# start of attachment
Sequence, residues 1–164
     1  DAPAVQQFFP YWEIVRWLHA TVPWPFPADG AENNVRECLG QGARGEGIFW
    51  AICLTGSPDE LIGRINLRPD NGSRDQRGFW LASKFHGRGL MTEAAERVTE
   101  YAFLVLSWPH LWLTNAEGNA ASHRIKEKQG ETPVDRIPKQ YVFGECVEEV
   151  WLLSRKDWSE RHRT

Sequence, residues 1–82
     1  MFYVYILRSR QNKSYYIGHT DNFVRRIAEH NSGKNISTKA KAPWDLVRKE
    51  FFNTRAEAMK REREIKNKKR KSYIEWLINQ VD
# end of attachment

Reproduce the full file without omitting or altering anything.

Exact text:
Sequence, residues 1–164
     1  DAPAVQQFFP YWEIVRWLHA TVPWPFPADG AENNVRECLG QGARGEGIFW
    51  AICLTGSPDE LIGRINLRPD NGSRDQRGFW LASKFHGRGL MTEAAERVTE
   101  YAFLVLSWPH LWLTNAEGNA ASHRIKEKQG ETPVDRIPKQ YVFGECVEEV
   151  WLLSRKDWSE RHRT

Sequence, residues 1–82
     1  MFYVYILRSR QNKSYYIGHT DNFVRRIAEH NSGKNISTKA KAPWDLVRKE
    51  FFNTRAEAMK REREIKNKKR KSYIEWLINQ VD